||$3,000 Psychological resistance level
||$3,114 20 DMA
||$3,230 200 DMA
||$3,595.50 recent high
||$3,780 Jul 2007 high
||$2,970 May 4 low
||$2,900 psychological support level
|$2,878 June 2017 low-2018 high
BB – Bollinger band
Fibo – Fibonacci retracement level
HSL – horizontal support line
SL – support line
MACD – moving average convergence divergence
DTL – downtrend line
UTL – uptrend line
H&S – head-and-shoulder pattern
RSI – relative strength index
- The LME three-month zinc price traded as low as $2,981 per tonne on Wednesday June 20.
- Despite ample selling momentum, sellers lack the conviction to take zinc below the May 4 low at $2,970 per tonne. Perhaps a short-term relief rally is looming.
- If support from June 20 holds, zinc may have a decent platform to form what looks like a potentially bullish double bottom. But to take advantage, fresh buying needs to emerge quickly. Judging by this morning’s trading, though, there are few buyers around.
- LME zinc remains susceptible to selling; a fresh 2018 low is still on the cards.
The strong dollar index and generally risk-off sentiment continue to plague zinc; its rising LME and SHFE inventories have also weighed. SHFE stocks are recovering - there was fresh inflow of 6,841 tonnes in the week to June 15. At 96,957 tonnes, plenty of metal is available while consumers are well stocked and in no hurry to restock. The highly anticipated boost in second-quarter demand failed to materialise.
Chinese demand for zinc concentrate remains low while cash-strapped Chinese zinc smelters continually cut capacity utilization rates, perhaps until they see higher zinc prices, which seems unlikely in the near term. Lower demand has help ease the previous tightness and push treatment charges (TCs) to increase to their highest level in May. As well, Chinese apparent demand was limited after the arbitrage window shut - the import loss stood at $24.80 per tonne on June 11.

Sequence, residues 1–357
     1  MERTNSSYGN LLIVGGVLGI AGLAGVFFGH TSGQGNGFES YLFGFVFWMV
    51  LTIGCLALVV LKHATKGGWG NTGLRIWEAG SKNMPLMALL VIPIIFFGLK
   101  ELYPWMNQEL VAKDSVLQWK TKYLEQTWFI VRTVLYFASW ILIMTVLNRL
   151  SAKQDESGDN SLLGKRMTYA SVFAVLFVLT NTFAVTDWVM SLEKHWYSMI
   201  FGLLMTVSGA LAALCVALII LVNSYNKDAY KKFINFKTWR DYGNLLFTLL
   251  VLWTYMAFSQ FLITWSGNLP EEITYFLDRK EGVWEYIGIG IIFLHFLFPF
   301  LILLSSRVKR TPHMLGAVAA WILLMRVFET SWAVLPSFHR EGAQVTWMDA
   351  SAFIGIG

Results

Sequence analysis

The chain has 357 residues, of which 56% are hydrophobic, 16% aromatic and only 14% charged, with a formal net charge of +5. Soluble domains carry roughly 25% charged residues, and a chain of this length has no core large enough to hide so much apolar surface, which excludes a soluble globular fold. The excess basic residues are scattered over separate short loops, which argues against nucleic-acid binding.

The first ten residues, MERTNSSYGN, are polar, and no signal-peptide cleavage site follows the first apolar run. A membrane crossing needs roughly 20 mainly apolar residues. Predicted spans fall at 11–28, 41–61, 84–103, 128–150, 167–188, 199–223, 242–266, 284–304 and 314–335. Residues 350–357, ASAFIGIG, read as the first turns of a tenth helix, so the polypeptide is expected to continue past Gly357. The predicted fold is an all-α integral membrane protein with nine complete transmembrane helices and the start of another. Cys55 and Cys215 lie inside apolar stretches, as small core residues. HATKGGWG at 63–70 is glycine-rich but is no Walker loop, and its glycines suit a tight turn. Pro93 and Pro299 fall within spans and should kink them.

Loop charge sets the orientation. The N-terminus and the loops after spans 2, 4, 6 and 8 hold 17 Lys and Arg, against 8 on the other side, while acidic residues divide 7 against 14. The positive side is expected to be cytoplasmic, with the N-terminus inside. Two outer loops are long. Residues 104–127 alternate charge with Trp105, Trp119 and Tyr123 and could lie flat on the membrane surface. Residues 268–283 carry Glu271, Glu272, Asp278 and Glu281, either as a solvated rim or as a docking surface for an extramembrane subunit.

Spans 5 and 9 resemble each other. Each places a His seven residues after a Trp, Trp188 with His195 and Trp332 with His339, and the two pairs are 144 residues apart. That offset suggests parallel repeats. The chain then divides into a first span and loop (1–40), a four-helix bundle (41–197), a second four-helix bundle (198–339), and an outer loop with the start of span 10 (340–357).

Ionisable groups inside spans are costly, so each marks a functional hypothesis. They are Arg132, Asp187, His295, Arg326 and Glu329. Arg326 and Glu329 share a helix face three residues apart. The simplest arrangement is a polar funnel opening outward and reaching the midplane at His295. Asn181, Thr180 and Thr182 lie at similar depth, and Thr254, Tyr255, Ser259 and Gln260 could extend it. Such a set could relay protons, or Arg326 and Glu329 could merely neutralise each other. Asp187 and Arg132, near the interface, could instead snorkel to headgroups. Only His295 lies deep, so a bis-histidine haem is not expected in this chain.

More metal has arrived in LME-listed warehouses in New Orleans this morning, with 1,525 tonnes easily offsetting 250 tonnes of outflow, listing LME stocks to 247,450 tonnes. Over-eager zinc bears continue to influence a ballooning backwardation in LME price spreads, betting prices will drop further. Its cash/three-month spread is in a backwardation of $42.00 per tonne.
Still, there is no sign of a dominant warrant holder to suggest that zinc is in tight hands. Instead, the metals booked removal remains at a low 8,925 tonnes. As well, the 236,450 tonnes of on-warrant metal suggest that there is plenty around for lending purposes.
LME zinc is also vulnerable on the speculative front even though its net long fund position (NLFP) rose 185 lots to 58,940 lots in the week to June 15. The fourth consecutive week of gains reflect rather bullish sentiment among specs but the recent price weakness could put downward pressure on zinc’s elevated NLFP.
The weekly zinc chart (shown) highlights why LME zinc is at a key juncture. A solid break below $2,985 per tonne could open a fresh trading range of lower prices. With no sign of strong buying momentum in 2018, downside pressure is winning for now.
Please click here for our zinc monthly spotlight.